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Will fake social media followers derail the booming influencer marketing business?

Mavrck, developed by Lyle Stevens, DMSB'09, Sean Naegeli, E'11, and Chris Wolfel, DMSB'13, offers businesses a fraud detection algorithm to determine who is consuming their content. In a social world full of bots, can this make a real difference?

Published

August 22, 2018

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Northeastern University graduates Lyle Stevens, DMSB'09, Sean Naegeli, E'11, and Chris Wolfel, DMSB'13, founded Mavrck, a company that provides businesses with a machine-learning algorithm that allows them to view who consumes their content. As fake followers continue to engulf social media and erode brand trust, these three hope Mavrck can make a difference.

Designed to allow businesses to identify influencers willing to share their content on personal feeds, Mavrck also looks at inflated numbers of followers – helping to determine who’s real and who’s fake. Using its fraud detection algorithm, it gauges whether an account is run by a real person or bots that create fake engagement.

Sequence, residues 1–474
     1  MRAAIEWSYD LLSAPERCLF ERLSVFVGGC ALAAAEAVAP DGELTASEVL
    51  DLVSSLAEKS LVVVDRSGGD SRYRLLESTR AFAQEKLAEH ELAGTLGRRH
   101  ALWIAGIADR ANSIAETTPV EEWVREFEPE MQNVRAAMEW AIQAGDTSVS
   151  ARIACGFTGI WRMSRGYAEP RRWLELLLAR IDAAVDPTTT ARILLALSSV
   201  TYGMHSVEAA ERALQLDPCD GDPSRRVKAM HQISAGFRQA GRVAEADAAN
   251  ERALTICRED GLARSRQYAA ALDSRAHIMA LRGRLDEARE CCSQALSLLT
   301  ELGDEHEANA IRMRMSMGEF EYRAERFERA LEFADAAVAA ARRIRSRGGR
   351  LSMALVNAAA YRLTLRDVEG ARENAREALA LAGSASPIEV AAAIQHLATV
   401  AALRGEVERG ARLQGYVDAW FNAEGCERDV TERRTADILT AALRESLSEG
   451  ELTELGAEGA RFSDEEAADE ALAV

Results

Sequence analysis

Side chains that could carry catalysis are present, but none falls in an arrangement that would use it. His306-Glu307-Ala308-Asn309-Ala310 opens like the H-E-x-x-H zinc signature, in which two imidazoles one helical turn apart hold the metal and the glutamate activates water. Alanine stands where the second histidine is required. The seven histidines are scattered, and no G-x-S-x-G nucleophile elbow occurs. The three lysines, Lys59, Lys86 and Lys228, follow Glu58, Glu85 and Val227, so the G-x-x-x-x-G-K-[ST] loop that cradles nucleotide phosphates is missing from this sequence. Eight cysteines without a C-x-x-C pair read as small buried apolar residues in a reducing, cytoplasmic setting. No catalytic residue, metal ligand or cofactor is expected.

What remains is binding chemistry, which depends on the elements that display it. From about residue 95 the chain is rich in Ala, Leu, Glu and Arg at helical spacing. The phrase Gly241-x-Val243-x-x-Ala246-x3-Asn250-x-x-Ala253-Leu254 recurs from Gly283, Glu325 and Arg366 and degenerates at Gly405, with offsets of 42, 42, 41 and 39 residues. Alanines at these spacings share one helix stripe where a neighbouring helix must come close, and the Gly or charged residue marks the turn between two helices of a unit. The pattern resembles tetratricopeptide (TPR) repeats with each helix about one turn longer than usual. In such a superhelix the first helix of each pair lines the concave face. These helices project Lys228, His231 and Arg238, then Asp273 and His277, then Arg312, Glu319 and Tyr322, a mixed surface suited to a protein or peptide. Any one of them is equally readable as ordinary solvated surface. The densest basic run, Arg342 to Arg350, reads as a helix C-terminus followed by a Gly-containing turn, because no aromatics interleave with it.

“Influencers are a whole new kind of currency,” said Stevens.

Mavrck is currently used by PepsiCo, P&G, and other major brands.

As social media platforms are watching and fighting back against fake followers and dishonest product endorsements, The Federal Trade Commission is too. According to recent guidance published on their website, fake likes and other interactions can have serious consequences for those purchasing and selling bots.

According to research from D’Amore-McKim School of Business Professor of Marketing Koen Pauwels focused on the relationship between social media and consumer trust, one part of the problem is the metrics advertisers use to measure success.

“There is evidence that the follower metric is not reliable, as some influencers cheat a lot more than others,” he said. “In reality, there is a strong need for the industry to self-check in order to keep its credibility.”

About one-third of Mavrck’s employees come from Northeastern.

“Northeastern breeds a different kind of person,” Wolfel said, describing the Mavrck team as “curious hustlers” who are highly driven by their curiosity. He currently services as an advisor for IDEA, Northeastern’s student-led business incubator. Four years ago, IDEA helped launch Mavrck with early funding.

Read more on News at Northeastern.